HIFF road warrior Le gives his take on Cannes
By Dave Dondoneau
There can't be many better jobs than the one Anderson Le has with the Hawaii International Film Festival.
The 30th annual HIFF isn't until Oct. 14-24, but as its program director, Le was in France recently screening movies at the Cannes Film Festival. Among the flicks he was able to get a first look at were "Robin Hood" and "Wall Street:Money Never Sleeps." Cannes is one of six or seven festivals Le will attend before this year's fall showcase for HIFF, and when he's not on the road (about 120 days a year), he's either at his home in Los Angeles or here, and there's always a DVD screener nearby.
"I watch about 600 films a year," Le said. "I used to travel a lot more, but I've severely reduced that because of a smaller budget and because I'm getting older. It used to be fun to live out of a suitcase and be in Europe for over a month-and-a-half in January and February, but not anymore."
Still, it's not a job Le plans on leaving anytime soon, and that's a good thing for HIFF goers who have enjoyed the string of hits that have premiered here before hitting wide release.
This year's Cannes, Le said, was lighter than usual on Hollywood glamour. His favorite movie:"Carancho," from Argentina. He also hopes HIFF can bring in "The Housemaid" from South Korea and the latest Mike Leigh film, "Another Year," which stars Jim Broadbent. Stephen Frears' "Tamara Drewe," based on the graphic novel, also grabbed his attention.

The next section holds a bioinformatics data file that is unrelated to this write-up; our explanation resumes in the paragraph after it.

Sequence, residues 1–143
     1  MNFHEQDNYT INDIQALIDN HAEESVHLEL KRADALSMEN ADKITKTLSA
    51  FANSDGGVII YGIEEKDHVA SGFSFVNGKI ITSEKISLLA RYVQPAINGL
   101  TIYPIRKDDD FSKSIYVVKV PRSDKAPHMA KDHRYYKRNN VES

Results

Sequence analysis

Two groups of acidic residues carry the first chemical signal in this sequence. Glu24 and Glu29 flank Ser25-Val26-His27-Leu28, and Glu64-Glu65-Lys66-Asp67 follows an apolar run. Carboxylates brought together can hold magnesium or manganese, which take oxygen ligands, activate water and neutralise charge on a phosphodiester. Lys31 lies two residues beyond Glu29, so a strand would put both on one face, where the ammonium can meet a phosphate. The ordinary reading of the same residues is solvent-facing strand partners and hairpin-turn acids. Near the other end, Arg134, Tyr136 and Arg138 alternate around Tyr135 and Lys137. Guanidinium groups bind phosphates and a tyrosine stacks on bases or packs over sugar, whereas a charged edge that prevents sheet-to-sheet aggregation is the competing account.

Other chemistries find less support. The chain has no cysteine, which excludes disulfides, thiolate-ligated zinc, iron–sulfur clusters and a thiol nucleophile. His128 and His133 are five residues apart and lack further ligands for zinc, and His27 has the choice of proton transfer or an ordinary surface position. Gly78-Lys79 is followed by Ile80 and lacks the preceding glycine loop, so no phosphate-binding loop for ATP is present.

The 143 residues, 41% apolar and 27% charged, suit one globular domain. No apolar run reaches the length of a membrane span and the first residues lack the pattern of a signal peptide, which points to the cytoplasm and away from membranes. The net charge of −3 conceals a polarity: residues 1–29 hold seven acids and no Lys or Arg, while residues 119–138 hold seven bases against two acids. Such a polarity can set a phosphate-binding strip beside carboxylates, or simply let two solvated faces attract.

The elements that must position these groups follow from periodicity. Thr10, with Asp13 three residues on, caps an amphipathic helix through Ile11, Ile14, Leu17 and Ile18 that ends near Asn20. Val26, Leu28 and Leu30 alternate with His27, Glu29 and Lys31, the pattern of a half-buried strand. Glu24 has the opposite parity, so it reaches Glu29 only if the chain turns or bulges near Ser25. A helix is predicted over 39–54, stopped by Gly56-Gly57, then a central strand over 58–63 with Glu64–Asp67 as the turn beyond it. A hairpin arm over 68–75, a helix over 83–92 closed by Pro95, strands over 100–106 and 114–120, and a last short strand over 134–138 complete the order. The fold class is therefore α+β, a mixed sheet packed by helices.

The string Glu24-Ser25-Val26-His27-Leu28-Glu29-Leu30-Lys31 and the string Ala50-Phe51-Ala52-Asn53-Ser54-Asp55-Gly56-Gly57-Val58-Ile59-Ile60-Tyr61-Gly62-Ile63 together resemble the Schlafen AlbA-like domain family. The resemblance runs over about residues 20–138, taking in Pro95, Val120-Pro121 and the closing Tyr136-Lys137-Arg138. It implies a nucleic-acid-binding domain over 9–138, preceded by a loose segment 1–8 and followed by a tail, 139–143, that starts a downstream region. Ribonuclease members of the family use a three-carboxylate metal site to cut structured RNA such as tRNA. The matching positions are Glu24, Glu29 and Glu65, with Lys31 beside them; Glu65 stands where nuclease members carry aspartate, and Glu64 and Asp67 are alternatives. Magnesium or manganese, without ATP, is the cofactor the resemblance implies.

Said Le: "I did see some stinkers, but overall, it was a lucrative trip. I hope to get a bunch of great titles for our 30th anniversary."
Waipahu's Rebel Souljahz, last year's Na Hoku Hanohano award winner for best reggae album, is back on O'ahu after a month-long tour that started in Las Vegas and California and ended with nine concerts in New Zealand with Katchafire. Of their 19 shows, 10 sold out.
Six University of Hawai'i students from the Academy for Creative Media are heading to the Shanghai International Film Festival June 12-20 to show their own films. The films and the students: "Born in Hawaii," by Paulo Kobayashi, "New Day," by Jeremy Johnson, "Guitar Hero," by Marshal Wu, "Scrambled Eggs," by Jamie Peak, "Town vs. Country," by Pablo Paz, and "Yuen's Grocery, Nanakuli" by Kaaina Paikai and Gloria Pan.
Movie theaters are pricing themselves out of the casual date scene with 3-D technology. $14.75 to see "Shrek" and $17 for 3-D IMAX? Blech.